Matt Dobyns in command after 54 holes

Matt Dobyns didn't have a goal in mind when he arrived, but he certainly has one now.

Matt Dobyns in command after 54 holes

Boosted by a hole-in-one and a closing eagle, Matt Dobyns of New York stretched his lead to six shots in Tuesday's third round.

By Bob Denney, The PGA of America

SEASIDE, Calif. – Matt Dobyns was at odds with himself about whether to compete in the 45th PGA Professional National Championship. There was an important Ladies Member-Guest event Tuesday at his home club. The first-year head professional didn't want anyone to think he was skipping out.

Given a vote of confidence from Fresh Meadow Country Club in Lake Success, N.Y., the 34-year-old Dobyns has been on a tear in his debut in the showcase event for PGA Professionals. He made a stunning tour of Bayonet Golf Course Tuesday afternoon, combining a hole-in-one on the 14th hole with a hole-out from a bunker at 18 for an eagle and a 3-under-par 69. Those highlight-reel gems helped him build a 54-hole total of 11-under-par 205 and a six-stroke cushion.

“I didn’t have any goals coming here; I didn’t have time,” said Dobyns, whose most recent victory came in the 2011 Long Island Open. “I wasn’t sure I was going to come until the day before. The Ladies Member-Guest event today is a big event for me since I’ve been employed. I have never been in front before – not this far in front – and not in front of this many good players.”

Three-time PGA Professional National Champion Mike Small of Champaign, Ill., who finished with an even-par 72, was alone in second at 211 and like the rest of the field appeared to be looking uphill to Dobyns. Small had three-putted twice and came within two strokes of Dobyns midway through the round before slipping back.

“You can’t play defense in golf. He played great, made great shots and deserved to have a good round,” said Small, who owns seven top-10 finishes in eight previous appearances. “I know I have to hit the ball better. Matt’s going to have to help us out a little bit, but he sure is playing well right now.”

Kelly Mitchum of Southern Pines, N.C., was next at 212, after a 72, while Rod Perry of Port Orange, Fla., and Paul Scaletta of Jupiter, Fla., shared fourth at 214. Former National Champion Darrell Kestner of Glen Cove, N.Y., who had been Dobyns’ boss for three seasons, led a group of five players at 215 that included Frank Bensel of Jupiter, Fla.; Chad Proehl of Urbandale, Iowa; Kevin Shields of Pittsburgh, Pa.; and Corey Prugh of Spokane, Wash.

Dobyns paced himself through the front nine at Bayonet, making a bogey on the par-3 sixth hole before bouncing back with a birdie at 10. That set up his fireworks on the final four holes. He used a 7-iron on the 200-yard 14th for his eighth career ace and second in competition. The ball bounced off the right fringe and tracked to the hole. Though Dobyns went on to bogey the 15th, he remained a picture of calm.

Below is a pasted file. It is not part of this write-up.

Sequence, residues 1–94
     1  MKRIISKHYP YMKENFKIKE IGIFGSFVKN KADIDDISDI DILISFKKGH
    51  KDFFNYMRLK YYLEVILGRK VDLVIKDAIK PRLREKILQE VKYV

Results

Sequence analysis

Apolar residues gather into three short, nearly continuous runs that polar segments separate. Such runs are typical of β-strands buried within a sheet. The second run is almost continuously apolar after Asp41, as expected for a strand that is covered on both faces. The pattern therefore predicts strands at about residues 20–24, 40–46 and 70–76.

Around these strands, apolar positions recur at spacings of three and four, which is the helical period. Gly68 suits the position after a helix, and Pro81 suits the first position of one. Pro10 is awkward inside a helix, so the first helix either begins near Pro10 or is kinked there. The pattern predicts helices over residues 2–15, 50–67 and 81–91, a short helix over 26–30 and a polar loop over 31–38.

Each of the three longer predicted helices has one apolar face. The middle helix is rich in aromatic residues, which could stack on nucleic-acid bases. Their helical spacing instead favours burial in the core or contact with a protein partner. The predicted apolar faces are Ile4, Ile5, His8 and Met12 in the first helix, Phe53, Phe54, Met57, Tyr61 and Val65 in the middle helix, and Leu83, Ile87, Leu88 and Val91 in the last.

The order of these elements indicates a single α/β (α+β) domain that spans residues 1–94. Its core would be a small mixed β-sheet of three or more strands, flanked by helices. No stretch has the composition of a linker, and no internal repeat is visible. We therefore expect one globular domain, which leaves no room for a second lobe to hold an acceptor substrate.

“First of all, an ace is not about skill, it’s about luck,” said Dobyns shrugging his shoulders. “I’m just trying to keep the ball on the green, and the ball bounces, and it goes into the hole. Sometime it looks like it’s going to go in, and it doesn’t, and this particular one did. I’m happy I made it, don’t get me wrong.

“I didn’t see it at all, and then I saw people waving their arms around and they said I won a (Club Car) golf cart. I don’t know how I’m going to get that back to New York.”

Dobyns saved another highlight moment for the 519-yard 18th hole, despite a tee shot that hugged the right first cut of fairway rough and with a cypress tree guarding the corner path to the green.

“I did not hit a great tee shot there, and it’s a hole that if I do hit a good tee shot, I have a middle iron into the green,” said Dobyns. “I hung it a little bit right. Rather than hold back, I tried to carve a 3-iron and somewhere near the green.” His approach found a left-hand greenside bunker.

“I faced a bunker shot similar to that on the practice area, and I didn’t feel too badly about it. I wasn’t uncomfortable there," he explained. "If the ball doesn’t go in, it’s about 10 feet past. But the ball hit the pin dead center and I’ll take it.”

Dobyns said that he believed that he could sleep comfortably on a six-stroke lead.

“Every round I’ve had the same prerogative,” said Dobyns. “I am trying to make pars. It’s not a golf course where you can go out and shoot 64. You try to start out and try to make pars. That’s what I plan to do tomorrow. We’ll see what happens, I feel comfortable out here, and I hope that I don’t feel too uncomfortable tomorrow.”

Seventy-seven players will compete in Wednesday’s final round, with the low 20 scorers earning a berth in the 94th PGA Championship, Aug. 9-12, at The Ocean Course in Kiawah Island, S.C.

A field of 312 PGA Professionals, representing 42 states and the District of Columbia, began play in the $550,000 Championship. The PGA Professional National Championship is presented by Club Car, Mercedes-Benz and OMEGA, and is the second National Championship to visit Northern California, and first since 1970.

Dobyns will have much to shoot for Wednesday, attempting to join a list of first-time National Champions that includes Sam Snead, Don Massengale, and Bruce Fleisher.

“I didn’t know that Sam Snead was a winner of this Championship, and I should know better," he said. "To have a chance to be mentioned along with him is something anyone could cherish.”